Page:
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Credit Scoring for Small Businesses: A love-hate relationship

Posted by Nathan Streeter

Wed, Nov 27, 2019 @ 10:02 AM

FICO Scores and Small Business

I have a love-hate relationship with credit scoring for small business clients. Having started my career in banking, where we moved from traditional underwriting to credit scoring, I have seen both the good and bad of scoring models. Over the past 20 years there have been numerous shifts in how financial institutions attract and attain small businesses. One of the primary transformations is due to credit scoring.

Each financial institution (FI) defines “small business” differently. Smaller institutions using credit scoring generally score all applications below $250,000, while larger institutions will go as high as $2M.

I’ll address the negative aspects first. Unfortunately, many small business lenders are salespeople that know very little about commercial underwriting. Their primary focus and remuneration are based on how quickly they obtain small business applications, get them to centralized underwriting, and see if they meet the FI’s criteria. Basic credit scoring is the perfect match for this model. You throw it in and, if it meets the criteria, the loan is approved. If it does not, the request is denied.

I understand this model for larger institutions. Large FIs must process a plethora of applications daily, while limiting the allocation of resources. For them, time and cost are of the essence and, frankly, they are not inclined to waste either on smaller opportunities. Hence the need to move them through underwriting quickly and efficiently.

Credit scoring for small businesses is based on two things: the owner’s personal credit score and the business’s score. Everything on a business loan application becomes a number. This number takes into account the NAICS code, years in business, vendor payment history, cash flow, company leverage, and a multitude of other items. It must be noted that every financial institution will have a different scoring methodology. If the personal credit score and business score fall into the correct grid, the loan is automatically approved. Those on the bubble are reviewed by an underwriter to determine if the credit is acceptable. Applications below the minimum thresholds are automatically denied by the system.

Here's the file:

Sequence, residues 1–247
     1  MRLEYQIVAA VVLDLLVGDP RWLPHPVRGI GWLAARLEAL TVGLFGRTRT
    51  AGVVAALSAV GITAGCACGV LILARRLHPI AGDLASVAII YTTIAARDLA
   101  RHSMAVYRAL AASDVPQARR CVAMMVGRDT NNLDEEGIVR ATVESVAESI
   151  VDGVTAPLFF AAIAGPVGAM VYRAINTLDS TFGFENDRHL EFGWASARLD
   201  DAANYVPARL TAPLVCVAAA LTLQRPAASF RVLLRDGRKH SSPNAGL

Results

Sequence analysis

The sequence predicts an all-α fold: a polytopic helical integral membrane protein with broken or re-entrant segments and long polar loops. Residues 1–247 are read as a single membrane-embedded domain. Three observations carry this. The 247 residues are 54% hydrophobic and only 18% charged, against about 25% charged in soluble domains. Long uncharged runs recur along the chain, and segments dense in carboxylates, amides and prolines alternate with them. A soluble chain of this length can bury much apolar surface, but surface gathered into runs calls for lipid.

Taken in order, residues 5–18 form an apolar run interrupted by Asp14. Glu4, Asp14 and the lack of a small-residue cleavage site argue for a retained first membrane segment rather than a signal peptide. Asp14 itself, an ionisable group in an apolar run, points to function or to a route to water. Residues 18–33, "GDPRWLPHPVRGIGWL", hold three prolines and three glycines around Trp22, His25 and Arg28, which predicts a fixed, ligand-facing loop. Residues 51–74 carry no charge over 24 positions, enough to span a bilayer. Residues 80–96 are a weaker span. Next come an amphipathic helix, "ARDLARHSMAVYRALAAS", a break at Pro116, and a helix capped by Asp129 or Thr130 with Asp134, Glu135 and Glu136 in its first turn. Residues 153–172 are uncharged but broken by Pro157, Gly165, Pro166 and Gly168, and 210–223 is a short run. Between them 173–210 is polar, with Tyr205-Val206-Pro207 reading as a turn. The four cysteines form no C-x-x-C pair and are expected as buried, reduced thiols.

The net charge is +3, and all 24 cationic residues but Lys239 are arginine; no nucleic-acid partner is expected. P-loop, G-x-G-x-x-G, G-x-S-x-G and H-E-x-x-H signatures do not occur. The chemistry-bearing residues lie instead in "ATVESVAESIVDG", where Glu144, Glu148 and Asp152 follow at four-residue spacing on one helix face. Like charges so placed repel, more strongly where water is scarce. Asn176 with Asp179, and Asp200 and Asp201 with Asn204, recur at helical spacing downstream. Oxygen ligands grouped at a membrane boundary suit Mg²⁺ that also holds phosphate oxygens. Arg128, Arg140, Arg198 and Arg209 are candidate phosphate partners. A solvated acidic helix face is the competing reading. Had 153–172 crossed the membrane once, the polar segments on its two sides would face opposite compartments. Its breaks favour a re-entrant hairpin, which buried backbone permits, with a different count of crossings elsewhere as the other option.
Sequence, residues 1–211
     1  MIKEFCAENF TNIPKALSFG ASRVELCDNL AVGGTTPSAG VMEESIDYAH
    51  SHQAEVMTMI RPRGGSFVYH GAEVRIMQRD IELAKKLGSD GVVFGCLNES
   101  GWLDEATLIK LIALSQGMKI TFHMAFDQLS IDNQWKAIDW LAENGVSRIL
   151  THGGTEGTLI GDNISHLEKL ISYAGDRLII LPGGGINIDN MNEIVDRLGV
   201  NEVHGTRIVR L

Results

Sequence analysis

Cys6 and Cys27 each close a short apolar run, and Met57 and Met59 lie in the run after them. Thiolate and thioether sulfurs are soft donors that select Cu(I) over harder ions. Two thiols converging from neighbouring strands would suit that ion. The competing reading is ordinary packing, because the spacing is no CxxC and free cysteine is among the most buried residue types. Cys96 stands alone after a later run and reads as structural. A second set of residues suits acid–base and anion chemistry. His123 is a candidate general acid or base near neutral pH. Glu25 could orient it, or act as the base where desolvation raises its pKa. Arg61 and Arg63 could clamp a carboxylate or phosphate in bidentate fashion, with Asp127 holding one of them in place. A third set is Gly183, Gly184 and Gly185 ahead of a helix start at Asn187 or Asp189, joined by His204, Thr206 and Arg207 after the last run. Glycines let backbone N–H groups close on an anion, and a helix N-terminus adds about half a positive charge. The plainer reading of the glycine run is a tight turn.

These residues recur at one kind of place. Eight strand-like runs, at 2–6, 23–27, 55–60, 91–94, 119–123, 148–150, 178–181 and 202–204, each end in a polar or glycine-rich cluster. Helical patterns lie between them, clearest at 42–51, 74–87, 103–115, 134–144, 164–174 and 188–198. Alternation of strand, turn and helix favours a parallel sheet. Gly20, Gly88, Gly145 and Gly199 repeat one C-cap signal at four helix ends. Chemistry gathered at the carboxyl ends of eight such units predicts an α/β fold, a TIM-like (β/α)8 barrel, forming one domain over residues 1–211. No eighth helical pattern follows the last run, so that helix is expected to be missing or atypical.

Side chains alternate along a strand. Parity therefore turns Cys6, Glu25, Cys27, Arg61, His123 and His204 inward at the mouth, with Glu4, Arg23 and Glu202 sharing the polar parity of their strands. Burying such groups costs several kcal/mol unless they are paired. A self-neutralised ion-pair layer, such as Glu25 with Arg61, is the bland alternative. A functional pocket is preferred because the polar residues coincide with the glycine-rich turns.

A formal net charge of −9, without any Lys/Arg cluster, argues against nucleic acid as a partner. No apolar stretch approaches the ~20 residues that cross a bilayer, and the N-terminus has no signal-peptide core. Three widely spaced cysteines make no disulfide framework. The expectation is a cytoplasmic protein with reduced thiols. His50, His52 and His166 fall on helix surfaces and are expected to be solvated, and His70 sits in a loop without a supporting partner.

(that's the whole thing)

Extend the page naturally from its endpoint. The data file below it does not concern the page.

Seemingly innocuous items can cause this approach to go awry. Examples:

  • A business owner’s credit score may have dropped due to a disputed insurance claim, triggered by an incorrect medical code, that resulted in non-payment.
  • A business credit card or vehicle may show in both the personal and business credit scores, lowering the business owner’s global cash flow.
  • A NAICS code given by the accountant may be incorrect for the type of business, lowering the business score.
  • There are errors on applications due to an incorrect understanding of the questions that erroneously bring down the business credit score.

If the lender or underwriter does not take the time to review and understand these different scenarios during underwriting, the customer may not receive the requested credit facility. To add insult to injury, the client may not even learn why they did not qualify. They are simply told they do not meet the credit criteria for the FI and are left wondering why. There are too many variables to score commercial and industrial (C&I) loans effectively, given the general lack of underwriting experience on the part of many small business lenders.

Here are some positives of business credit scoring: 

  • It’s fast underwriting where the model can give automatic approval, subject to due diligence.
  • The scoring will help price the loan based on risk. The higher the score, the better the rate.
  • Branch offices and retail can take applications, lowering the cost of implementation by using existing retail outlets.
  • All loans are underwritten in a centralized location, maximizing efficiency.
  • It removes bias from the equation. The system does not care about ethnicity, gender, political affiliation, standing in the community, etc. This is a good thing as lenders are required by law to treat every applicant and application with the same care.

Effective scoring ultimately comes down to two things:

  1. Meaningful training for small business lenders. Training once a year on a process that requires detailed understanding is not sufficient, particularly when retail personnel who rarely see small business loans take the loan. Small business lenders need to know the intricacies of both the requirements for underwriting and their clients’ needs.
  2. Modern decisioning technology that incorporates both the institution’s credit culture and understands the business borrower’s needs. The institution should be able to determine credit requirements based on the market, institutional goals, and client need. The approach can be a hybrid of both FICO and traditional underwriting accompanied, when necessary, by a human assist to resolve any issues.

Savvy human capital plus innovative tech is the winning combination for underwriting that sensibly saves time while funding small businesses.

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Topics: Commercial Lending, Small Business, Financial Institution

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